Do you experience strained or lost voice?

You rely on your voice for your living. Your voice has to be there for you, reliably, all the time.

It is estimated that seven percent of the general population contends with significant voice problems. In certain professions—such as teaching—you can be 32 times more likely to get into vocal trouble! You cannot afford to struggle with periods of strained voice or voice loss, both of which can cause decreased productivity and lost income.

Recurrent voice strain/loss in vocally demanding work is not inevitable. Dissatisfaction with your voice need not be a life-long reality.

Voice coaching can help you to:

  • Recognize how your manner of speaking, singing, or yelling may be harmful to your voice or undermining your vocal image in your work
  • Learn new vocal behaviors which can help you reach the voice endurance you need or the vocal image you want

Recommendations from Voice Coaching Clients:

MouthPrior to voice coaching, an athletic coach was experiencing repeated bouts of voice loss, which left her worried about keeping her career. She said, “I can’t thank you enough…this [voice coaching] has given me peace of mind.“

MouthA client who works in sales who, prior to voice coaching, routinely lost her voice when speaking at trade shows said: “That’s amazing what that can do with such little effort.“ [The client is talking about having learned to power her voice with her abdominal muscles.]

Mouth A client who is a therapist who works for the V.A. with veterans said: “To be asked to repeat myself has been a constant annoyance my entire life. Now [after she learned to drop her jaw more freely when speaking] being understood is a delight—my life is better!”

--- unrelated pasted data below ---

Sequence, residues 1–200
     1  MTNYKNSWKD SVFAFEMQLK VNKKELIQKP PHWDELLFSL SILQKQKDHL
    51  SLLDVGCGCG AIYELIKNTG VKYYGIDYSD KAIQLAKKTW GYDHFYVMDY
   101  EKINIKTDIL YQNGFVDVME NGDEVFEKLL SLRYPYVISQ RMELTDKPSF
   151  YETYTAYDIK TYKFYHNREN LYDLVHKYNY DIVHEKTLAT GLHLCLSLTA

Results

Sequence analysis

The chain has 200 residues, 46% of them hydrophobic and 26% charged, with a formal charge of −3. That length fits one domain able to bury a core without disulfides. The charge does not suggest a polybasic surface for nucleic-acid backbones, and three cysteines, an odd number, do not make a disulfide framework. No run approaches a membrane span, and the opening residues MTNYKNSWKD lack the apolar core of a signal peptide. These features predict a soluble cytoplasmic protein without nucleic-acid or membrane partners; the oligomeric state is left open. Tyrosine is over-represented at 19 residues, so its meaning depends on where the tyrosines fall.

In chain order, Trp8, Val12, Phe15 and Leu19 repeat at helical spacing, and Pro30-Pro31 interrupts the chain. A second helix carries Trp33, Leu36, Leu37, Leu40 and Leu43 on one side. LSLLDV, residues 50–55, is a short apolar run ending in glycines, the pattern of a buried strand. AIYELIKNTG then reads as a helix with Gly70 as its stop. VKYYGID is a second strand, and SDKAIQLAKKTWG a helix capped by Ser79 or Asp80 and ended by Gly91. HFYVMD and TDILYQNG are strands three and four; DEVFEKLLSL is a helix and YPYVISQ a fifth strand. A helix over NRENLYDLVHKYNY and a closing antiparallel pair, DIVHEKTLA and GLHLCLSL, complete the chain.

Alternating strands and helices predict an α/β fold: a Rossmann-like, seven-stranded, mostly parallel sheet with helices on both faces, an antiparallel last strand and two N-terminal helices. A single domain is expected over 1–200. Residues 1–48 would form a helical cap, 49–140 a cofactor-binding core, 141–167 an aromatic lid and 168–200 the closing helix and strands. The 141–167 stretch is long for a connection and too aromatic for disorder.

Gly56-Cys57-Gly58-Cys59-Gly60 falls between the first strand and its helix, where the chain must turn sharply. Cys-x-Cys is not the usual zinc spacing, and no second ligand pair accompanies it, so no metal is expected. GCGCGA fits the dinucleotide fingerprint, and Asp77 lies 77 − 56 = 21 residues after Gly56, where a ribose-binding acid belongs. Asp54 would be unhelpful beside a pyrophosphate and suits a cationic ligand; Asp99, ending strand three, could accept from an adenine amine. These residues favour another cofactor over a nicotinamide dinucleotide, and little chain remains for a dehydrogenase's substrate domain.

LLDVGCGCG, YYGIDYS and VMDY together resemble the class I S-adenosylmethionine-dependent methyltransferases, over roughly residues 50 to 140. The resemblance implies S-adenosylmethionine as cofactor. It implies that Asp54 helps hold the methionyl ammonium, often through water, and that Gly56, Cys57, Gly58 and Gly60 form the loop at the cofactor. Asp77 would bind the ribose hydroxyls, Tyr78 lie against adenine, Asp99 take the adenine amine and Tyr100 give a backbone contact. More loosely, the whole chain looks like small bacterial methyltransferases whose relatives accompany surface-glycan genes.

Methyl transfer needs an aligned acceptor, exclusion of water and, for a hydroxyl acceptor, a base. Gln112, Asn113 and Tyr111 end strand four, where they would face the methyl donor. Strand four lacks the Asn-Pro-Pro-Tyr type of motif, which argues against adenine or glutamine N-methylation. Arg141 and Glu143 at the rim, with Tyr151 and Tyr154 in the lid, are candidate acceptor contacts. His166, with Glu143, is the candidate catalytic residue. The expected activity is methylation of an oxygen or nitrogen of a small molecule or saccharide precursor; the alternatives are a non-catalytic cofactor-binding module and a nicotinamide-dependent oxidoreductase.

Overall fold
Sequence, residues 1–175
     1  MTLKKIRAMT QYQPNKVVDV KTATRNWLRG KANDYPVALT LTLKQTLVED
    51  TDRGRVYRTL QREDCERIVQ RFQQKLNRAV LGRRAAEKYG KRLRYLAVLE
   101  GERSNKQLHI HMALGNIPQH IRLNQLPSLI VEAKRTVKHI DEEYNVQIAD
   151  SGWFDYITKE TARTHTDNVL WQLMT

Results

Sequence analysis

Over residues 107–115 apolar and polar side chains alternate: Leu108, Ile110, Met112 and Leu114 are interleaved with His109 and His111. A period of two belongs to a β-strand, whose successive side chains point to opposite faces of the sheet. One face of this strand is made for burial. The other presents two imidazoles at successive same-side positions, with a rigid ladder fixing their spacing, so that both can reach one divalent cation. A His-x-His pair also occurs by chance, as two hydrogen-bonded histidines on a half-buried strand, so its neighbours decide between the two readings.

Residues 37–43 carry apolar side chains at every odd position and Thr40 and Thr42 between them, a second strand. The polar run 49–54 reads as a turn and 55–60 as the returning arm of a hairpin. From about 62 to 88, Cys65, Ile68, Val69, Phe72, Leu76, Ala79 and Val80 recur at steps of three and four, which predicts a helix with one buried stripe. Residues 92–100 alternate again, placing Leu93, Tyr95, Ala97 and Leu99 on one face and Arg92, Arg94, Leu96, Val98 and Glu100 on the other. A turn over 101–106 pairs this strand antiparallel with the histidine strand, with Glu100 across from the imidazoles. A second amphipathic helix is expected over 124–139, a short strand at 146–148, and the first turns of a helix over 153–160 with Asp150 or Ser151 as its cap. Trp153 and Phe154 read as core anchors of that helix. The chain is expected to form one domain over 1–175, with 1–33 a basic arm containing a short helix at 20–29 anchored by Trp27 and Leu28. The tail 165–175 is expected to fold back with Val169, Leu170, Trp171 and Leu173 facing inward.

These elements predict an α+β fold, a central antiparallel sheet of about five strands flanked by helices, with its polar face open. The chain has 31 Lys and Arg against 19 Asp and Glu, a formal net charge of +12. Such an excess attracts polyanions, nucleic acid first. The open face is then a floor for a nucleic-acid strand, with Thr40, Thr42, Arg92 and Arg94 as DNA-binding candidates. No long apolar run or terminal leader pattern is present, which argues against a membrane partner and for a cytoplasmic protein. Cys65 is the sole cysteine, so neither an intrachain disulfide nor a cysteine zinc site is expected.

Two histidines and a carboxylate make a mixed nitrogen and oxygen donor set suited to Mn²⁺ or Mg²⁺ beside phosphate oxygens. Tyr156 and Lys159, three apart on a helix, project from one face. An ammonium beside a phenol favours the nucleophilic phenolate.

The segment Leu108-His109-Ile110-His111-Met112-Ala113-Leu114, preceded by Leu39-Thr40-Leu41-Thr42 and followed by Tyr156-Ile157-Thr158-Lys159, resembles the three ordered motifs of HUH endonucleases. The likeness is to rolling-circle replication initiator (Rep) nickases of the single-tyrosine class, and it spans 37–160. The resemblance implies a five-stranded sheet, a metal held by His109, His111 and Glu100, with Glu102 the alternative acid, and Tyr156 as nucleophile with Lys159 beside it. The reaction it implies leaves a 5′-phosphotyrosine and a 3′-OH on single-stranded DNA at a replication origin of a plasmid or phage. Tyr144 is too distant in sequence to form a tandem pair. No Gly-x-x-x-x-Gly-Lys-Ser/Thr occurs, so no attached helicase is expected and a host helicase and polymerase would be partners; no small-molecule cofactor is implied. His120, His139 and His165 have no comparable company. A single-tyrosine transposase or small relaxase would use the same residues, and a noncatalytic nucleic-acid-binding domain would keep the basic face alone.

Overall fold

This same client learned to replace a too low pitch average with a more middling pitch average as she spoke: “It sounds more natural. It feels like I’m not forcing, and it’s more comfortable. I can talk longer when I stay at that middle pitch average.“

Mouth“With your help I have been able to maintain my voice and no longer suffer from any hoarseness. Thank you much!”
— Branch Manager/Escrow Officer

Mouth“You’ve really helped me a lot. Now when I feel like pushing (from the voice box), I back off. I can sing more and more since having voice therapy.”
— Singer (Alternative Rock)

Mouth“The hoarseness is hardly a problem for me now. If I do begin to experience the symptoms, I know what I have to do to get back on track.”
— Singer (Classical, Mezzo-Soprano)

Mouth“Thanks for literally helping to save my career.”
Computer Voice Recognition User

 

For more information, see the resources page.

James Stewar struggling with vocal endurance

Some voice behaviors that are harmful include:

Exerting force from the larynx (voice box) in an attempt to be sufficiently loud for public speaking or stage work.  

Tightening your throat habitually when speaking, singing, or yelling.

Speaking in an artificially low pitch range.

Limiting the movement of the jaw when speaking or singing.

The first three behaviors can cause not only to lose your voice, but can damage the vocal cords as well. Correcting any of these behaviors will give a more confident and vibrant voice with much better endurance for long periods of teaching, coaching, or speaking.

Follow this link for examples of these and other harmful behaviors.

PHOTO: James Stewart as Senator Jefferson Smith in Frank Capra’s Mr. Smith Goes to Washington. Stewart has been filibustering all night and is about to lose his voice.

Valley Girl Voice

Valley girl voice is a collection of unhealthy and bad vocal behaviors that I discuss on separate page.